Dart and Torbay RNLI lifeboats respond to call from trawler taking on water
The RNLI Dart in shore D class lifeboat Spirit of the Dart and the Torbay all-weather Severn class lifeboat Alec and Christina Dykes launched on Friday (30 June) to assist a 54 foot converted trawler, Endrick 2, with three crew on board which started to take on water as she was passing Dartmouth
The boat was on passage from Plymouth to Swanage when the RNLI was asked to launch by the UK Coastguard after the Harbour Authority was alerted by National Coastwatch Institution volunteers at Froward Point.
The volunteer crew of the Dart RNLI lifeboat, which launched at 3pm, took out a salvage pump and was able to suck the engine room dry and prevent the ship's engine failing. It was discovered that the water was coming from a leaking stern gland and none of the boats pumps had worked.
The Endrick 2 was making her own way slowly into Dartmouth Harbour when the Torbay RNLI all-weather lifeboat arrived and took her in an alongside tow to the Commercial pontoon.
At the time of the incident the wind was North West 11-16 kinots and the sea state was a 0.5metre swell
Dart lifeboat crew. Kevin Murphy, helm, Haydn Glanvill, Kevin John and Will Davies crew.
Launch crew. Jerry Gilby, tractor driver. Bob Thomas, Mark Strudwick and Crispin Brabner crew.
RNLI media contacts
John Fenton, RNLI Dart Lifeboat Press Officer, Mobile 07970 921504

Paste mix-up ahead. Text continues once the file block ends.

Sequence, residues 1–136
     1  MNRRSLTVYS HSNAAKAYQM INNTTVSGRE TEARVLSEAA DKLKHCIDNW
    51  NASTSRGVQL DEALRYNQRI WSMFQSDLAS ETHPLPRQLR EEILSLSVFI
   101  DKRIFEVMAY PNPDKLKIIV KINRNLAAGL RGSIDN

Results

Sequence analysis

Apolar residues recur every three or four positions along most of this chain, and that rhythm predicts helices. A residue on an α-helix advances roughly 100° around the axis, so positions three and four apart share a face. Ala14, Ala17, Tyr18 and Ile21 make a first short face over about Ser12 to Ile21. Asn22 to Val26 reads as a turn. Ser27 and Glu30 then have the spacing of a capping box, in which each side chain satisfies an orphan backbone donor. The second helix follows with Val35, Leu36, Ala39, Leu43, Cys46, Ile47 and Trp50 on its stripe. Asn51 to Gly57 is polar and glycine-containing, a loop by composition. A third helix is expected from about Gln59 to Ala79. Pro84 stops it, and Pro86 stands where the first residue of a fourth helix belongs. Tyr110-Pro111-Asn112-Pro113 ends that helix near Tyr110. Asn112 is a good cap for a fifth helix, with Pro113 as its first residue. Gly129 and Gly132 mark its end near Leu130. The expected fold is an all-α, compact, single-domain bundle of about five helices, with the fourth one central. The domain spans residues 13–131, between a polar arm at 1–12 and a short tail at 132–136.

Paul Dunt, RNLI Press Officer (London/East/South East) on 0207 620 7416 07786 668825
- Tim Ash, RNLI Public Relations Manager (London/East/South East) on 0207 6207426, 07785 296252 firstname.lastname@example.org
- RNLI Press Office on 01202 336789. For enquiries outside normal business hours, this number diverts to the duty press officer.
Key facts about the RNLI
The Royal National Lifeboat Institution is the charity that saves lives at sea. Our volunteers provide a 24-hour search and rescue service in the United Kingdom and Ireland from 238 lifeboat stations, including four along the River Thames and inland lifeboat stations at Loch Ness, Lough Derg, Enniskillen and Lough Ree. Additionally the RNLI has more than 1,000 lifeguards on over 240 beaches around the UK and operates a specialist flood rescue team, which can respond anywhere across the UK and Ireland when inland flooding puts lives at risk.
The RNLI relies on public donations and legacies to maintain its rescue service. As a charity it is separate from, but works alongside, government-controlled and funded coastguard services. Since the RNLI was founded in 1824 our lifeboat crews and lifeguards have saved at least 140,000 lives. Volunteers make up 95% of the charity, including 4,600 volunteer lifeboat crew members and 3,000 volunteer shore crew. Additionally, tens of thousands of other dedicated volunteers raise funds and awareness, give safety advice, and help in our museums, shops and offices.
Key facts about the RNLI
The RNLI charity saves lives at sea. Its volunteers provide a 24-hour search and rescue service around the United Kingdom and Republic of Ireland coasts. The RNLI operates over 238 lifeboat stations in the UK and Ireland and more than 240 lifeguard units on beaches around the UK and Channel Islands. The RNLI is independent of Coastguard and government and depends on voluntary donations and legacies to maintain its rescue service. Since the RNLI was founded in 1824, its lifeboat crews and lifeguards have saved over 142,700 lives.